The University of Texas at Arlington received more than $2.1 million in grants from the Cancer Prevention & Research Institute of Texas (CPRIT) to support the University's flourishing cancer research programs.
CPRIT, created by a 2007 Texas constitutional amendment and authorized to fund groundbreaking cancer research and prevention programs and services, awarded grants to Yaowu Hao, materials science and engineering associate professor, and Piya Ghose, a new assistant professor of biology.
Ghose received a $2 million award designated for first-time, tenure-track faculty members. She recently completed a postdoctoral fellowship at Rockefeller University and brings to UTA an established portfolio of investigating programmed cell death, which has major implications for cancer treatment.
Hao received approximately $200,000 to investigate the use of radioactive nanoseeds for eradicating glioblastoma, one of the deadliest forms of brain cancer. This funding will empower Hao to build on his expertise in the area of radiotherapeutic nanoseeds, which work from inside inoperable solid tumors and cause less damage to healthy cells.
UTA's cancer research portfolio comprises experts who represent science, liberal arts, engineering, nursing, kinesiology and even mathematics. Our faculty reach across clinical and academic boundaries to deepen our understanding of cancer to develop better diagnostics and treatment methods to improve patient outcomes.
Dr. Hao continues to be at the forefront of his field of work, and I look forward to how this new CPRIT funding will position him for continued breakthroughs. And we are thrilled to welcome Dr. Ghose to our campus. I am excited to seeing her work develop and fortify our research community."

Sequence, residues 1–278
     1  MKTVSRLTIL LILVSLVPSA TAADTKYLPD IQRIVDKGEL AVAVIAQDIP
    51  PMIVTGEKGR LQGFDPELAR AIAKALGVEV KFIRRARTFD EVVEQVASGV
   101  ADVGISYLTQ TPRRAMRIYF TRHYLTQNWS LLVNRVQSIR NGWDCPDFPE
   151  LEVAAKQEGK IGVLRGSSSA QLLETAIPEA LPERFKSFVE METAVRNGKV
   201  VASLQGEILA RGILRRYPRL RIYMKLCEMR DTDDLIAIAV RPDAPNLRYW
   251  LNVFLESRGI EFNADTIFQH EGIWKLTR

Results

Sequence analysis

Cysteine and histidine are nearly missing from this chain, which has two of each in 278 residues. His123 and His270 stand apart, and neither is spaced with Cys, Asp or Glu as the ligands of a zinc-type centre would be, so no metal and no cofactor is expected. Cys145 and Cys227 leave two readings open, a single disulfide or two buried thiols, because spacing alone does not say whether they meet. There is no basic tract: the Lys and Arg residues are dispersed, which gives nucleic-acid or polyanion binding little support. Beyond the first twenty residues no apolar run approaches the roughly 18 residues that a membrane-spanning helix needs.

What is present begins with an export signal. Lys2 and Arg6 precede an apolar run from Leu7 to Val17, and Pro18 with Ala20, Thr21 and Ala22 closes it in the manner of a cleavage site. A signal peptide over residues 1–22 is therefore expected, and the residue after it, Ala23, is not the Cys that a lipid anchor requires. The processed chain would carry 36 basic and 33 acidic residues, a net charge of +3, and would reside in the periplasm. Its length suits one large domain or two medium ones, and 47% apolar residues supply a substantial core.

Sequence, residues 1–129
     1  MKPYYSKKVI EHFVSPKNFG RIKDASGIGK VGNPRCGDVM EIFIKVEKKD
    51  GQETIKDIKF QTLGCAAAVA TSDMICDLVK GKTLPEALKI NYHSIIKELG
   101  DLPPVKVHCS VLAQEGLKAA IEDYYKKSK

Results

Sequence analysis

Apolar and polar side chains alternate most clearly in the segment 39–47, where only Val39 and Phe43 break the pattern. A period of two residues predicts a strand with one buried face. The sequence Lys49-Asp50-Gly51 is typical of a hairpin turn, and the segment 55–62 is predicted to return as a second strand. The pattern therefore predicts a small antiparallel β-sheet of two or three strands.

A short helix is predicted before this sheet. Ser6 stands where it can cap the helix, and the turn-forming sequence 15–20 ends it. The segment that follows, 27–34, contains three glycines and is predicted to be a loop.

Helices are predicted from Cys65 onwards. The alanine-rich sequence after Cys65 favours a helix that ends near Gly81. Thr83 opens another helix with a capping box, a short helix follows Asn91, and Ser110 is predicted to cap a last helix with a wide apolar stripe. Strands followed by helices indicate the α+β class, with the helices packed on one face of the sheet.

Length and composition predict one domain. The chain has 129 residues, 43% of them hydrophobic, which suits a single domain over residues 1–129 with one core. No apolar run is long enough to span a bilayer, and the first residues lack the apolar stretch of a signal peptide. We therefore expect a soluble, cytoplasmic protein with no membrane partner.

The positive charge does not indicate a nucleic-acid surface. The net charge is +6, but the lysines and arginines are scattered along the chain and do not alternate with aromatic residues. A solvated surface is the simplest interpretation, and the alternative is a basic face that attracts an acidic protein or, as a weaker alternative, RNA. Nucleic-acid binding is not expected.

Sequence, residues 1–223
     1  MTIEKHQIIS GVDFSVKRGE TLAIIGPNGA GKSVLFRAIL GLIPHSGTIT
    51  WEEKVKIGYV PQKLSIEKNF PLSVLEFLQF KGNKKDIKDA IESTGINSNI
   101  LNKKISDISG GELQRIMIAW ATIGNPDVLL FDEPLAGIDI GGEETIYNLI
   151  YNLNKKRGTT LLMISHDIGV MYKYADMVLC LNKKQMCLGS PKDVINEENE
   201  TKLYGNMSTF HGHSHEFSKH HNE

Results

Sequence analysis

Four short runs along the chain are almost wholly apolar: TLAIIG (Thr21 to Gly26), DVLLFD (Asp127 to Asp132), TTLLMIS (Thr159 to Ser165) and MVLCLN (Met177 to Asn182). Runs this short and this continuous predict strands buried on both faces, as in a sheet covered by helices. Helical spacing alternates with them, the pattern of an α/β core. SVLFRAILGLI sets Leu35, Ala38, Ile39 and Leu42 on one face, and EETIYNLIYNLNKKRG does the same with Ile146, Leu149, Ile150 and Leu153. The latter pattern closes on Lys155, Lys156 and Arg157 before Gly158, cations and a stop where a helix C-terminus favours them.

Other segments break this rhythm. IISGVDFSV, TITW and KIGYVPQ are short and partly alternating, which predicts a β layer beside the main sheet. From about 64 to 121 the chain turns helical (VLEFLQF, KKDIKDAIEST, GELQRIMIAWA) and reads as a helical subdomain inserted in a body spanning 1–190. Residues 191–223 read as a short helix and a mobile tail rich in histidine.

Duane Dimos, Vice President for Research, University of Texas at Arlington
UTA is establishing itself as a major cancer research institution with a multidisciplinary community of faculty members working to conduct innovative research that improves outcomes across the complete spectrum of the patient experience.
Recent notable developments in cancer research at UTA include
- the successful development of an implantable device that attracts and kills circulating cancer cells by Liping Tang, professor of bioengineering;
- a $1.17 million grant from the National Institutes of Health to support Clay Clark's, professor and chair of the Department of Biology, investigation of the regulation of proteins responsible for programmed cell death;
- the development of a new nanoparticle-based platform for simultaneous imaging and treatment of esophageal cancer by Zui Pan, associate professor of nursing; and
- a breakthrough from Wei Chen, professor of physics, in the use of nanoparticles stimulated by microwaves to combat cancer. Chen was also recently awarded U.S. and international patents for nanoparticles that attack multiple kinds of cancer.